dulcimer has a beautiful hourglass-shaped soundbox similar
to that of instruments from northwestern Europe, particularly the
épinette des Vosges. It is derived from the zithers
that European immigrants brought to the United States in the eighteenth century.
While the instrument is found throughout the United States and Canada, little
is known about its North American origins. The Appalachian dulcimer
is used to accompany singing and in combination with the concertina
and hurdy-gurdy to accompany dancing.
Halifax, Nova Scotia
Overall length by width:
92 x 15.2 cm; sides: 6 cm
Traditional heart-shaped motifs embellish the soundboard of these walnut
dulcimers with rosewood peg boxes, and a simple scroll graces the head.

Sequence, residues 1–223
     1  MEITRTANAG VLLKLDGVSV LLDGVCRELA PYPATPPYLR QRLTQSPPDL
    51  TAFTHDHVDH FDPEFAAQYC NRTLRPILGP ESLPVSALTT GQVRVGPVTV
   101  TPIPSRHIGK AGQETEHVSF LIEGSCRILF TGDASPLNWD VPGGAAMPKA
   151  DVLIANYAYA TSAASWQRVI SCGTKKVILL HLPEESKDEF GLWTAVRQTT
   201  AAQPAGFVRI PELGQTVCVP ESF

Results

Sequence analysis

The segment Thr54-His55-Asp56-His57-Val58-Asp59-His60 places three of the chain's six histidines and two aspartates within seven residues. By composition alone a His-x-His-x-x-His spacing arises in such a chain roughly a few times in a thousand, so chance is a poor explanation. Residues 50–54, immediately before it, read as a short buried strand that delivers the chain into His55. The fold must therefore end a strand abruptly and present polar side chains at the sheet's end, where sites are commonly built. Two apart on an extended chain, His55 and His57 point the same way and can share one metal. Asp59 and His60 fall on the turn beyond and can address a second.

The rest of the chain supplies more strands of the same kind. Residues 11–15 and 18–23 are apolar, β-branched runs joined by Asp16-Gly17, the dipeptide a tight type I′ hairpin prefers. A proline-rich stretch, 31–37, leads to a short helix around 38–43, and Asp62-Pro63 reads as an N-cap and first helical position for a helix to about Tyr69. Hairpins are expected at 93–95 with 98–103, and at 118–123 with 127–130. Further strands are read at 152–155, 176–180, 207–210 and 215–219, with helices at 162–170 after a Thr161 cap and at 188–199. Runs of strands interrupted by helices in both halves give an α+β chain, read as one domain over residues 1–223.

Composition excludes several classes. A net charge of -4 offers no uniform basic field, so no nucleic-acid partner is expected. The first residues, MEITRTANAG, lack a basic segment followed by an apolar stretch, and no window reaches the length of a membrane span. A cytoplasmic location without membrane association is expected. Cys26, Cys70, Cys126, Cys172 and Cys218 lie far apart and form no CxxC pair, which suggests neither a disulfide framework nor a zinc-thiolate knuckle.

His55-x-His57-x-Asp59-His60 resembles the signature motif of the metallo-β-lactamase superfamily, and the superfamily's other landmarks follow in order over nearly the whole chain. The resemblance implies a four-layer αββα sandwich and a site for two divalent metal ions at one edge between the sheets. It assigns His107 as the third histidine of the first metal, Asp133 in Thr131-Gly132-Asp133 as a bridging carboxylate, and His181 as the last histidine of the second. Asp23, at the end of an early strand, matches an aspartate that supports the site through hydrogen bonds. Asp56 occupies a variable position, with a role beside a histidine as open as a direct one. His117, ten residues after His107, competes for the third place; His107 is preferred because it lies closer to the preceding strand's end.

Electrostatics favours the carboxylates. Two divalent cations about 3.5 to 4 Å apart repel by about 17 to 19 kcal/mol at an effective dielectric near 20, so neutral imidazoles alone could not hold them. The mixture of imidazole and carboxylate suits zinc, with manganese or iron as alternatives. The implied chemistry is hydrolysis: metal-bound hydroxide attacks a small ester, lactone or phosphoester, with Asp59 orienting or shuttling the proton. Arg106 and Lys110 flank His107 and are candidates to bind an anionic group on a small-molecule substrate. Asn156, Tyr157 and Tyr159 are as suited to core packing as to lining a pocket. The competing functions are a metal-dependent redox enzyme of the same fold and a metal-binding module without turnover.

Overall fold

Each instrument has three strings.
Opus 80 - Banjo
Black cherry, ebony, metal, plastic
Overall length: 91 cm;
diameter of body: 25 cm;
sides: 5 cm
Ink marking: "Made by Oskar Graf 3/74 Clarendon, Ont."
Based on the traditional banjo, this instrument consists
of a circular wooden soundboard with a membrane stretched over a metal ring
in the middle. The neck has no frets, and the head is outfitted with four
pegs. A fifth peg is located on the side of the neck to attach a fifth string,
which is shorter than the others and is used to play the melody.